And if Washington would think past the next election they would see that 400,000 guest workers constitutes 17% of the net job creation for an entire year! And that statistic doesn’t even begin to address the QUALITY of the new jobs available.

We are told that most of the new jobs in America are from the “service economy”. Where are the illegals working? In hospitality, in cleaning, in landscaping… Washington ought to be addressing the man who worked in manufacturing as a plant manager before production was moved to China. He’ll never see $60K a year again because we aren’t manufacturing things here any more. So, if he’s lucky, he’s making half his skilled salary working in the “service industry”. Instead of pumping 400,000 people into the job market, they ought to work on bringing professional/technical/manufacturing jobs back to America!

And they ought to make America attractive to those who want to create new jobs. Our social programs have created tax rates that rival Europe. The entrepreneurs don’t want to come here now; it’s as bad as their homeland. If they can stomach the taxes, the regulation scares them away.

I read the other day that Germany’s middle class is fleeing to places like India because they can work and earn and thrive there. There was a time when they would have brought their skills and ideas here. Sadly, that mindset is no more. As one entrepreneur living in Bangalore India put it, “I’m fascinated by the pulse of Asia, the upbeat prevailing mood and the wealth of opportunities.” He left Germany due to poor job prospects, high taxes, and the intrusive bureaucracy.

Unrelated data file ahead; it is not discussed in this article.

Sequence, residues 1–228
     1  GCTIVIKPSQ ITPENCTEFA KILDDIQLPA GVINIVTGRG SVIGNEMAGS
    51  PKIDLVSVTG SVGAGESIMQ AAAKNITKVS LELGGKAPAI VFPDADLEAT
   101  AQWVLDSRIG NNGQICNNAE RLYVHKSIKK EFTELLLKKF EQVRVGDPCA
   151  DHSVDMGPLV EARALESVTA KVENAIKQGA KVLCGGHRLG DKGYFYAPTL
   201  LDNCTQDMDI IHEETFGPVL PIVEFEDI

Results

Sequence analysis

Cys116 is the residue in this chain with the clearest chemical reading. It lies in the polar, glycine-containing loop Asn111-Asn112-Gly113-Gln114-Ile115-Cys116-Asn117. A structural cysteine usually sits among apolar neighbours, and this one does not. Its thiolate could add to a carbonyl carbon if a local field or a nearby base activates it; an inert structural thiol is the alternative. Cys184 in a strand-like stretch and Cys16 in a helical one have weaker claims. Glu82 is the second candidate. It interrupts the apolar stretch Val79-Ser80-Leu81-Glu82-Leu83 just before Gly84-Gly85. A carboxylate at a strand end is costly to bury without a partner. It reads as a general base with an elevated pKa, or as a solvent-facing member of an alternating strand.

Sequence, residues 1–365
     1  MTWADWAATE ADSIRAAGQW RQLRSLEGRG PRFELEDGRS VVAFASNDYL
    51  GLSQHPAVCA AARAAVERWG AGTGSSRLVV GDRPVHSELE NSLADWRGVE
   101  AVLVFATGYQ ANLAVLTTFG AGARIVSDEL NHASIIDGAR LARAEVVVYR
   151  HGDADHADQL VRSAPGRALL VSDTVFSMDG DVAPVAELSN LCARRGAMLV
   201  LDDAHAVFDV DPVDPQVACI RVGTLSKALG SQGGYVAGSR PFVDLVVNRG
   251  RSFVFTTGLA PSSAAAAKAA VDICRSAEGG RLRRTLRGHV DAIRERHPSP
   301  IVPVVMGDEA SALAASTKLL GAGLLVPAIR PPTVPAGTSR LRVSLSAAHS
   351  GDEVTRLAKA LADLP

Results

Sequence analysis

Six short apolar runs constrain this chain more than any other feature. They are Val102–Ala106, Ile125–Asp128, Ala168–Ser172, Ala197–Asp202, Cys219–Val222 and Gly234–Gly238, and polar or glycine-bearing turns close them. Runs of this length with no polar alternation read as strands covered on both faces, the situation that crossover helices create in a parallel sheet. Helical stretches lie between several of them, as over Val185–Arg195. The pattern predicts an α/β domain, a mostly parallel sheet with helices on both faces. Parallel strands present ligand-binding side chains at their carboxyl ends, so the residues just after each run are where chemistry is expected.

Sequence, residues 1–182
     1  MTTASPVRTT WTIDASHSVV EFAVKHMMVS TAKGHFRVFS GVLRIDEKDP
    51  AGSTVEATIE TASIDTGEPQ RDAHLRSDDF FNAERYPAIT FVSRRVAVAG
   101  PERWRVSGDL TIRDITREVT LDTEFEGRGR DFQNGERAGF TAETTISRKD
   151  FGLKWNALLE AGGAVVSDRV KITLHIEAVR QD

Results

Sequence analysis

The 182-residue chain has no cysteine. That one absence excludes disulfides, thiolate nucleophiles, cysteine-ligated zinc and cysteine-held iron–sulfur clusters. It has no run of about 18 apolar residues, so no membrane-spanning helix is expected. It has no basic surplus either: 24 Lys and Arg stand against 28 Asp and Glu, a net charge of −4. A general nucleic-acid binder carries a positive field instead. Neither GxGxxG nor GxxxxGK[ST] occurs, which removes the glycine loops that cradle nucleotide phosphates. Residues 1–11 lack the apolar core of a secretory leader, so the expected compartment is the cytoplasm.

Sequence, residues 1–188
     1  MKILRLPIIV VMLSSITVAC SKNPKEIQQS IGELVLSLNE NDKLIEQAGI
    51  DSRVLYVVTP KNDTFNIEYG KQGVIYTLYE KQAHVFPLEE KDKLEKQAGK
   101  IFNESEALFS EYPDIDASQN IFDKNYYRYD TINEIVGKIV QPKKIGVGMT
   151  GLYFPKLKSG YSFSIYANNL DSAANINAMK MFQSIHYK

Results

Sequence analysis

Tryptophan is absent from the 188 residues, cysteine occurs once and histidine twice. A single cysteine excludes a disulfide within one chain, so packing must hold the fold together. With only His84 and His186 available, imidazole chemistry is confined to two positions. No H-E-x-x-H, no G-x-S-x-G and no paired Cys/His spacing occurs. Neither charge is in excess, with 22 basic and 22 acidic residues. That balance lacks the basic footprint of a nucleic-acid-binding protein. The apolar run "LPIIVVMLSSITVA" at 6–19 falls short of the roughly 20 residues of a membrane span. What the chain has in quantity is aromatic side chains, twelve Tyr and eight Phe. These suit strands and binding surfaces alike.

So, when I look at the protesters now, I see socialists. I see people with a strong sense of entitlement. I see desperate, poor people who feel deep in their hearts that we are arrogant and ought to give up some of the earth’s wealth…to them, of course. And I see our elected “leaders” more than willing to redistribute our wealth for the sake of a few votes.


  1. Nice - Very informative. I had NO Idea about Peru! I'm still in part torn as to what to do about the situation but I thought your insite into the socialist mind set was very educational!
    Keep 'em comin!

  2. Hi There! I just thought you're email was good and should be put up here to maybe generate more ideas - I'll post my response at the end :) Love ya!
    by One Vote:
    About the innocent kids, I've got an idea rattling around in my head. I
    want to put together a program with brochures, etc. called "Go in peace."

    The idea is to teach the illegals how to return back home. It is bad when
    they are caught and deported, leaving behind their kids. But if they were
    proactive and planned to go home, I think it would be much better.

    It is just in the first stages. I'm trying to figure out who I can ask in
    government that would give me a straight answer. I think there is more to
    it than just dragging your family to the border and crossing into Mexico.

    And we'd need to work the Mexican side as well. The truth is, they won't
    make it easy for people to return to their homeland. But I think there are
    things we can do.

    I can't do much about their lifestyle change when they go back home; that is
    a problem of their own making.
    You know, I've heard the idea presented of donating people's frequent flyer miles to help families go back home.. .what do you think?
    Take care!

  3. Good idea. I think people would be willing to donate in many ways if they knew it would help keep families together and legal. The problems are:
    1) The mechanics of going back home.
    2) Getting the word out.
    3) Getting the activists to accept the idea.
    Any ideas are welcome.